Some kind and meaningful thoughts from our Moderator, Father Dan Fitzpatrick SJ, Class of ’53

Prenote: We are all living in quarantine in our Jesuit Community. I’m sure many
of you are in different ways helping out in what way you can in your community. I asked
myself what can I do at this time? Even If I can not help people in need physically,
maybe I can do my part by writing a homily in the hope that I can give people some
spiritual nourishment when our Sunday Mass is unavailable. Many of you will miss
receiving Holy Communion. Remember, however, that you can always make a Spiritual
Communion in your hearts. As you know, there are many Masses being transmitted on
our different media. Remember also that there are two main parts of our Eucharist. The
first part is the Liturgy of the Word. When we hear the Word of God, we are nourished;
the Word feeds us and gives us new life in Christ. So I encourage you to take some time
on Sunday to be with the Word. Today’s reading is from the 9th Chapter of St John’s
Gospel. It is a long reading, but very rich. Before you start reading, tale a few minutes to
calm yourself, put yourself in God’s presence and ask for the grace to let the Gospel
speak to you. Then, read the Gospel slowly and stop and pray where the Lord is telling
you something. Try to hear Jesus’ love and care for you the way He cares for the blind
man. God bless you all,
Fr. Dan Fitzpatrick. SJ

4th Sunday – Lent – A – 2020

Today’s Gospel introduces us to a deep encounter between Jesus and this man
born blind. When we reflect upon the blind man. The image of the blind man is so
appropriate as we live today in the dark shadow of the coronavirus. We feel that we are blind since we don’t know where we are going. We have very little control of this virus
that is afflicting the whole world. Even the medical profession keeps telling us we do not
know the answer to so many questions. Like the blind man, we all long for light.
Three things about the blind man that we can pray over in the week ahead. First,
the blind man knows and admits his own darkness and need of light. Second, he has a
strong desire to leave the darkness behind and walk in the newness of light. Third, he is
willing to accept the responsibility that living in the light brings with it.

The blind man’s admission of his own blindness and darkness is, of course, in
contradistinction to the Pharisees in this story. We all have our share of darkness. We all
know within us those pockets of unbelief, of bondage, of poor and false judgment, of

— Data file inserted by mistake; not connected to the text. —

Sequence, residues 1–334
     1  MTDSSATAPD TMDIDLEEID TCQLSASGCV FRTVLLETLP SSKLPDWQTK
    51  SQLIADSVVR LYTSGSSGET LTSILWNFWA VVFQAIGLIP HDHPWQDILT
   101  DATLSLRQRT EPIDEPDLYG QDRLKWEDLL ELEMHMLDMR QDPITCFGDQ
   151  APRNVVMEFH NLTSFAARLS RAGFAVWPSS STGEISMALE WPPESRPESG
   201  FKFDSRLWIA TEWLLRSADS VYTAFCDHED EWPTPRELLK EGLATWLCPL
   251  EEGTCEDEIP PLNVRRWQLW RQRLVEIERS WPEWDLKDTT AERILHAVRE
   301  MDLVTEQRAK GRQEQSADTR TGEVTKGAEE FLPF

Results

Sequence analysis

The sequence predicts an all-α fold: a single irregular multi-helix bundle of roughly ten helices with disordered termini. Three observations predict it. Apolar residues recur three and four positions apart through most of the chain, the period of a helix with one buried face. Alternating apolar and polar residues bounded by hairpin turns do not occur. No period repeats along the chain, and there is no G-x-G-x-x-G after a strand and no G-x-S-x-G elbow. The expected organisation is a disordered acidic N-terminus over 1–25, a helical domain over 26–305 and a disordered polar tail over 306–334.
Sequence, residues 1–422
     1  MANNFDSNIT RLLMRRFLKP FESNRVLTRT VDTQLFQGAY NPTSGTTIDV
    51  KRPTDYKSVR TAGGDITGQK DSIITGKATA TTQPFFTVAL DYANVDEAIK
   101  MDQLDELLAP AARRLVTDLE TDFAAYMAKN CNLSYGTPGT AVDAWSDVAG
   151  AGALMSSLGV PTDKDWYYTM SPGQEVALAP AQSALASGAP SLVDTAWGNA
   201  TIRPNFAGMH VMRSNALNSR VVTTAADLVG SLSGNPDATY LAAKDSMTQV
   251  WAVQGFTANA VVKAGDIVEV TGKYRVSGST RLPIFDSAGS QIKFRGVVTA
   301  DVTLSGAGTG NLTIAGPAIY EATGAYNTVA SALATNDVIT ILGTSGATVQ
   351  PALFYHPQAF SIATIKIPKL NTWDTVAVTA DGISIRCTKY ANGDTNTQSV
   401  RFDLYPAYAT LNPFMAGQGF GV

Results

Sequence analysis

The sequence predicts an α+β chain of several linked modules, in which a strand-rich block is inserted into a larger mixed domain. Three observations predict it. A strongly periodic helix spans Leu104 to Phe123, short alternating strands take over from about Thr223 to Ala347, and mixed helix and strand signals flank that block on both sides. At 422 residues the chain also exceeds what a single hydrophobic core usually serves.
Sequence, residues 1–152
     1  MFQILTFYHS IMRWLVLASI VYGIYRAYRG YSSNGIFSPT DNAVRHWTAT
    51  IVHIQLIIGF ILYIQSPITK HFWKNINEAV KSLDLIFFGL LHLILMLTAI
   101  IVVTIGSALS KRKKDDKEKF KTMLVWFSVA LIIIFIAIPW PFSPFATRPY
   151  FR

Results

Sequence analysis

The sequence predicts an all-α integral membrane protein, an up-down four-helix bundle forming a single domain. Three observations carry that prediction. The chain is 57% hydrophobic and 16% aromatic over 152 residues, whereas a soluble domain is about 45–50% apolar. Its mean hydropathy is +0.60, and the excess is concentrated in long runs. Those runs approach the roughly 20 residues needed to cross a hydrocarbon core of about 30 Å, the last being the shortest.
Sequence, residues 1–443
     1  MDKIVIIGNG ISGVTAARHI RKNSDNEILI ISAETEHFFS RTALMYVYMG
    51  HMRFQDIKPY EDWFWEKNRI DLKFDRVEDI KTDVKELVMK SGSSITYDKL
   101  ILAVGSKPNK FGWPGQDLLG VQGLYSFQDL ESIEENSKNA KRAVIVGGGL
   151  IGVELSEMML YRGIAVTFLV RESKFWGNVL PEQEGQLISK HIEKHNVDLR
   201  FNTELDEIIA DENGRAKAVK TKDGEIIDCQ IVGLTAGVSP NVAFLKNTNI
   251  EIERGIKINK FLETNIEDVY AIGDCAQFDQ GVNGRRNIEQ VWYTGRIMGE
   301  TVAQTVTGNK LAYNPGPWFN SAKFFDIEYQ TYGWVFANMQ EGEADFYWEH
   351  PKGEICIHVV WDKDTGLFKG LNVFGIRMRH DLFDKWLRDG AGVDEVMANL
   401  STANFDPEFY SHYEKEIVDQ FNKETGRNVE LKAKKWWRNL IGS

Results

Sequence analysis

death, of winter. Especially this year, Lent gives us the opportunity to look at ourselves, to face our own blindness and darkness in the light of God’s love. We see the darkness not
only in ourselves individually but also in our world. The coronavirus lets us know that we
do not have all the answers, that we are not in control of everything. This realization
brings with it unbelief, rebellion, anxiety, fear, lack of trust. and infidelity. Long ago at
our Baptism the Lord called us not to live in the darkness but in the light. The blind man
reminds us of this. Like him, we look to the Lord and remind ourselves that Jesus is with
us even in the darkness. The Lord remains the Lord of Light even when we are in
This Sunday we are praying in hope for the whole world and especially for those
afflicted by this terrible virus and for those who are taking care of them. It is significant
that only Jesus has compassion for the blind man and feels his joy. Not the religious
leaders like the Pharisees, no even his parents. No one reaches out to share this man’s
joy. Lent is a time for us to prepare for the dark days of the Lord’s Passion and beyond
to Resurrection, where Christ is Light of all. Because we believe, we also trust that the
Lord will be with us in this time of Passion and Death and bring us at last to New Life.
The blind man is a sign of hope for us at this time. Like God hovering over darkness and
chaos at the beginning of creation, so Jesus puts clay on the blind man’s eyes. And God
said: “let there be light.” The blind man sees; it is a moment of new creation. Imagine
what was going on inside of him as he sees for the first time in his life!
At the end of this Gospel, the blind man is willing to walk the road with Jesus. This
is risky business. Because there is more darkness ahead. If the light of the Resurrection is to come, the darkness of Good Friday must precede.
Today with all our weaknesses, our faults, and even our sins, Jesus tells us that He
will walk with us in this time of darkness and bring us into the light. What is our
response? Are we willing to hopefully embrace the light and walk the road with Jesus even to Calvary and beyond to Resurrection? We pray for a deeper trust in the Lord who is with us even in days of darkness. The Light shines in the darkness and the darkness will not overcome.